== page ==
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Picture: Julio César Velásquez Mejía/Pixabay
Picture: Julio César Velásquez Mejía/Pixabay

Seoul  — South Korean President Yoon Suk-yeol showed the first signs of flexibility in his medical reform plan as a prolonged standoff with doctors is ramping up pressure before next week’s parliamentary elections, which are expected to be close.

The plan, chiefly aimed at boosting medical school admissions by 2,000 from 3,000 starting in 2025, has emerged as a key issue in the elections, in which Yoon’s ruling party seeks to recapture a majority in the opposition-controlled parliament.

A drawn-out walkout by thousands of trainee doctors nationwide in protest at the plan is increasingly putting strain on the country’s healthcare system.

Yoon, who has taken a hardline approach to labour disputes, had been initially been emboldened by polls showing South Koreans overwhelmingly supported the idea of adding more doctors.

But as medical school professors and community doctors cut working hours this week and threatened to resign en masse unless the government negotiated, some voters have started to blame Yoon for refusing to seek a compromise.

What is Yoon saying?

On Monday, Yoon for the first time signalled a possibility for adjusting the reform initiative in a 50-minute public address, saying his administration is open to talks with doctors if they offer a “reasonable, unified” alternative proposal.

Yoon denied considering “political gains and losses” in pushing for any reform.

A senior presidential official said Yoon meant to express his willingness to be “flexible” in implementing the policy regardless of the elections.

The Korean Medical Association, the largest grouping of doctors, said Yoon’s speech was “disappointing” and failed to fully address the industry’s concerns including better work conditions and legal protection.

Why now?

Some analysts said the timing was clearly related to the election and changing public opinion.

“Why would he give a speech saying he can be flexible just nine days before the election? Because he’s thinking the tide is turning against him,” said Kim Hyung-joon, a professor at Pai Chai University.

“Public backing for the reform did help his ratings go up temporarily, but people would feel fatigue and anxiety as the impasse with doctors drags on,” he added.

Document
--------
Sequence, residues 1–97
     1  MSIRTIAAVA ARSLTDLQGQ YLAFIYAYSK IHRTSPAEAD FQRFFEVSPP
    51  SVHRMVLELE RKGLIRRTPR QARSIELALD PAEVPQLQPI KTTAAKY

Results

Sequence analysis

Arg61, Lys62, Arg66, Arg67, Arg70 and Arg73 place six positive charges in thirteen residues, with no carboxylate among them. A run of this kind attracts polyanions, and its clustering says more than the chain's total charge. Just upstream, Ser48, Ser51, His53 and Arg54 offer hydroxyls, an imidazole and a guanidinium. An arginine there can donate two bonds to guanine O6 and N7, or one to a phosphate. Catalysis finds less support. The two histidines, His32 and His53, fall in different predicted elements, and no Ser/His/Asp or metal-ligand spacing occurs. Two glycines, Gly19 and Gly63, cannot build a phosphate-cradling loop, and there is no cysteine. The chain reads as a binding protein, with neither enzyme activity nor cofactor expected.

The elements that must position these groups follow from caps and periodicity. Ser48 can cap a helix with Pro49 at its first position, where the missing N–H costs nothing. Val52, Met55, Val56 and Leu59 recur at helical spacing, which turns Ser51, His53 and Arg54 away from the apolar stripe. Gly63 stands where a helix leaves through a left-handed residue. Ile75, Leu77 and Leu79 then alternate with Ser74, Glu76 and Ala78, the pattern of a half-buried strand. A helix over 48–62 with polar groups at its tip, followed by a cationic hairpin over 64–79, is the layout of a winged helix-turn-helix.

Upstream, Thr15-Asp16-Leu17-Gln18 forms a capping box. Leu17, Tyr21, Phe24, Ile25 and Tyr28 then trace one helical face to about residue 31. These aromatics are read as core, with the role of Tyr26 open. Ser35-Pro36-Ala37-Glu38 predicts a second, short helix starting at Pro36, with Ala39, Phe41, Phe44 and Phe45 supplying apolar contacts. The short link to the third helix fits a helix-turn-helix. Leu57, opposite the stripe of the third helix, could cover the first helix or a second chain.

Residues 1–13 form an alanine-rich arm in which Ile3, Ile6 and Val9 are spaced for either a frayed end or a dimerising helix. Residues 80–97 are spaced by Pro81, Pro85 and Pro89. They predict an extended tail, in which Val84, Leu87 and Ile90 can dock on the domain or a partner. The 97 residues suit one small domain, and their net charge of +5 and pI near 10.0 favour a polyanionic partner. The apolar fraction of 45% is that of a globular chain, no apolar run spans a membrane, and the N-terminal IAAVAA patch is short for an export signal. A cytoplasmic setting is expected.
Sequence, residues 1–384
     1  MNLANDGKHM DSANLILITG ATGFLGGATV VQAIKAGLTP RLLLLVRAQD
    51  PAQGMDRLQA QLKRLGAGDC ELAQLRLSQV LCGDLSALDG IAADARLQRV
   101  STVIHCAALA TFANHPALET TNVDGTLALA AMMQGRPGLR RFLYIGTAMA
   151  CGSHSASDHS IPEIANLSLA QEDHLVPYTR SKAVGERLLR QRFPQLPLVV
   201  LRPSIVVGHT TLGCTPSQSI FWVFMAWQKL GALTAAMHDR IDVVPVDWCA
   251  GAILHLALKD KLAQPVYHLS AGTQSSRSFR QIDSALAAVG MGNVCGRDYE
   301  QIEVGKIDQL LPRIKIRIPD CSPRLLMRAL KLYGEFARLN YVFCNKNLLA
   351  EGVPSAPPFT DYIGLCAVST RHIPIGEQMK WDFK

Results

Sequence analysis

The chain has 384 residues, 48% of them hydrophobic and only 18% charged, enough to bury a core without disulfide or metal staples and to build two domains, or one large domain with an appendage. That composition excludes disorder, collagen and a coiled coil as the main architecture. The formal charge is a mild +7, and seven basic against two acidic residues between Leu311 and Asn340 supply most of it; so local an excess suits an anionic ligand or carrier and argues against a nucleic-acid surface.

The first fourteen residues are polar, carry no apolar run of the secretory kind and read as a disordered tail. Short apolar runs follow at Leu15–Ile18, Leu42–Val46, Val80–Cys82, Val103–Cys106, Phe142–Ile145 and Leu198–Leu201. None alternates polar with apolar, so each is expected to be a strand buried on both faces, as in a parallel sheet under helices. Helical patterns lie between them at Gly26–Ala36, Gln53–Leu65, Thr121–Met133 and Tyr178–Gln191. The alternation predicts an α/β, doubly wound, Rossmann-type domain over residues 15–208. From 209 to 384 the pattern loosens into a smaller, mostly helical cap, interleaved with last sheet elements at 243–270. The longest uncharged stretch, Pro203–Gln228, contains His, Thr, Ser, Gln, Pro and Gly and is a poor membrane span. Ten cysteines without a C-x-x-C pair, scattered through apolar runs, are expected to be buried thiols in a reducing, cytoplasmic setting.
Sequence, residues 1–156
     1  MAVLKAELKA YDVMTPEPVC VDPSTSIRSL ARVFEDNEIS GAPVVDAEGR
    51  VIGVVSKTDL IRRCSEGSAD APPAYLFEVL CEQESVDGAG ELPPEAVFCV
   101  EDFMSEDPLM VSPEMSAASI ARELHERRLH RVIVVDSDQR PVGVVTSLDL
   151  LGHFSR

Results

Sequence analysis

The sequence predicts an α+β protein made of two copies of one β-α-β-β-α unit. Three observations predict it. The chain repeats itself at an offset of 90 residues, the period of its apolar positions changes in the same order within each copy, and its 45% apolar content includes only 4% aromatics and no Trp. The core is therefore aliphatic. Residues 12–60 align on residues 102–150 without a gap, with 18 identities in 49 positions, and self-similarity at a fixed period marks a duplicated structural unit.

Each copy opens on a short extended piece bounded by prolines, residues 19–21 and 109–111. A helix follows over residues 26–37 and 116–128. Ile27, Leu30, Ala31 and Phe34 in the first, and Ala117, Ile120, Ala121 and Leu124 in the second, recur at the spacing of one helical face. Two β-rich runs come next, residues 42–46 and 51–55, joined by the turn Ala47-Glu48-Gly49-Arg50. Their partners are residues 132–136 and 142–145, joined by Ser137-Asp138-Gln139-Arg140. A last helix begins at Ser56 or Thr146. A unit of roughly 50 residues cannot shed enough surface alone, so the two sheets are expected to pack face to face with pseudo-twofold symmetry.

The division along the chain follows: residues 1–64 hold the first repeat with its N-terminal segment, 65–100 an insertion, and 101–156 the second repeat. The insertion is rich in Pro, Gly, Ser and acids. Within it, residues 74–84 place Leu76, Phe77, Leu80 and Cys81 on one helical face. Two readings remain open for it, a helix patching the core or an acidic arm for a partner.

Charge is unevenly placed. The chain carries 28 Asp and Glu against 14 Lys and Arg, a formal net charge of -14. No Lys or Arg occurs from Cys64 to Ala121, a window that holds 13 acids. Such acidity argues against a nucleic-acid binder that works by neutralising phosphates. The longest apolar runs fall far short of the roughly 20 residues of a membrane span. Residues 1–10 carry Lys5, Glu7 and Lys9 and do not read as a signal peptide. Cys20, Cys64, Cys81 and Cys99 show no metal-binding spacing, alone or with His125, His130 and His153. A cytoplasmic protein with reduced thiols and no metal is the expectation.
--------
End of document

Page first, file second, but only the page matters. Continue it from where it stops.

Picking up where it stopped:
Cho Jin-man, a professor at Duksung Women’s University, said Yoon seems to have lost out on initial public support due partly to his lack of political experience and failure to seek an early compromise.

However, the official from Yoon's office, who spoke on condition of anonymity due to the sensitivity of the matter, said it was unrelated to the election and they did not expect the issue to be resolved by then.

Another government official warned against politically interpreting the speech. “We have little leverage on this, and it would be crazy if anyone attempts to exploit an issue that has everything to do with people’s lives in an election.”

What do polls show?

A poll published on Monday by Research & Research showed nearly 86% of respondents still support increased medical school admissions, but more than 57% were dissatisfied with the government’s handling of the walkout.

Only about 29% said Yoon’s proposal should be implemented as planned, while 57% favour raising medical school quotas but a compromise with doctors on the scale and timing is needed.

A Realmeter poll on Monday showed that Yoon’s ratings dropped for a fifth straight week after hitting an eight-month high in late February when the student doctors launched a strike, which was echoed by a Gallup poll from Friday.

Yoon’s speech came as his People Power Party is aiming to win a majority in and the single-chamber, 300-seat assembly, though polls show the elections too close to call. 

Reuters

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